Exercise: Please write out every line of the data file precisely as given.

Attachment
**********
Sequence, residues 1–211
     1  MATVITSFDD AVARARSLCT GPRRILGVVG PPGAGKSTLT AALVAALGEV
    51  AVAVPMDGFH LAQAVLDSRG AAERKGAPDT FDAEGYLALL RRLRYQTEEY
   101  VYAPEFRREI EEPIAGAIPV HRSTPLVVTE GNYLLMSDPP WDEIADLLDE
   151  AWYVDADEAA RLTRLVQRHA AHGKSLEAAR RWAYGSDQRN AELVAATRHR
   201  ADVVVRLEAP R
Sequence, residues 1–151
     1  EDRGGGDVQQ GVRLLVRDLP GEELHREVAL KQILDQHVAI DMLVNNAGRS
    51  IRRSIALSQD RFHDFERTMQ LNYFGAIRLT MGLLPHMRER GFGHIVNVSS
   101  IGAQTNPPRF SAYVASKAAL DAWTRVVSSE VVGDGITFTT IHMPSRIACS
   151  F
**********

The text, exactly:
Sequence, residues 1–211
     1  MATVITSFDD AVARARSLCT GPRRILGVVG PPGAGKSTLT AALVAALGEV
    51  AVAVPMDGFH LAQAVLDSRG AAERKGAPDT FDAEGYLALL RRLRYQTEEY
   101  VYAPEFRREI EEPIAGAIPV HRSTPLVVTE GNYLLMSDPP WDEIADLLDE
   151  AWYVDADEAA RLTRLVQRHA AHGKSLEAAR RWAYGSDQRN AELVAATRHR
   201  ADVVVRLEAP R
Sequence, residues 1–151
     1  EDRGGGDVQQ GVRLLVRDLP GEELHREVAL KQILDQHVAI DMLVNNAGRS
    51  IRRSIALSQD RFHDFERTMQ LNYFGAIRLT MGLLPHMRER GFGHIVNVSS
   101  IGAQTNPPRF SAYVASKAAL DAWTRVVSSE VVGDGITFTT IHMPSRIACS
   151  F